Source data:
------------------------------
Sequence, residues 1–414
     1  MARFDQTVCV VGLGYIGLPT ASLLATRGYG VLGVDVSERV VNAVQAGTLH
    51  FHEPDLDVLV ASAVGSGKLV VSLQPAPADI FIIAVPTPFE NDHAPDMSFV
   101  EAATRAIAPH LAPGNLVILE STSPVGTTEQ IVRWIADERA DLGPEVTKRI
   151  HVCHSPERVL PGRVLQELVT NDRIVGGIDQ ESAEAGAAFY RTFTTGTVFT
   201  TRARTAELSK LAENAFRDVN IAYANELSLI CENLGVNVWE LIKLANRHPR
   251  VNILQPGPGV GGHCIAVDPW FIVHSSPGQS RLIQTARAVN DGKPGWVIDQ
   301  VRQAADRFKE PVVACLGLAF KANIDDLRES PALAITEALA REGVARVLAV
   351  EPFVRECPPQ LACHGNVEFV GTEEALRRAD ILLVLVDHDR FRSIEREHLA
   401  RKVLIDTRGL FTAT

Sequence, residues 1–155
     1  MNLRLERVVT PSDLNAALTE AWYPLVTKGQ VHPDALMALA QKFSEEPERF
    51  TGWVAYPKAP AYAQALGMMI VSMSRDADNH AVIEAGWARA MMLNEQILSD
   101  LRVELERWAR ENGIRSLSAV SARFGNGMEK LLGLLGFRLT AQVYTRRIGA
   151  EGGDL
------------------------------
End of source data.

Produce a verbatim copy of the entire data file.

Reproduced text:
Sequence, residues 1–414
     1  MARFDQTVCV VGLGYIGLPT ASLLATRGYG VLGVDVSERV VNAVQAGTLH
    51  FHEPDLDVLV ASAVGSGKLV VSLQPAPADI FIIAVPTPFE NDHAPDMSFV
   101  EAATRAIAPH LAPGNLVILE STSPVGTTEQ IVRWIADERA DLGPEVTKRI
   151  HVCHSPERVL PGRVLQELVT NDRIVGGIDQ ESAEAGAAFY RTFTTGTVFT
   201  TRARTAELSK LAENAFRDVN IAYANELSLI CENLGVNVWE LIKLANRHPR
   251  VNILQPGPGV GGHCIAVDPW FIVHSSPGQS RLIQTARAVN DGKPGWVIDQ
   301  VRQAADRFKE PVVACLGLAF KANIDDLRES PALAITEALA REGVARVLAV
   351  EPFVRECPPQ LACHGNVEFV GTEEALRRAD ILLVLVDHDR FRSIEREHLA
   401  RKVLIDTRGL FTAT

Sequence, residues 1–155
     1  MNLRLERVVT PSDLNAALTE AWYPLVTKGQ VHPDALMALA QKFSEEPERF
    51  TGWVAYPKAP AYAQALGMMI VSMSRDADNH AVIEAGWARA MMLNEQILSD
   101  LRVELERWAR ENGIRSLSAV SARFGNGMEK LLGLLGFRLT AQVYTRRIGA
   151  EGGDL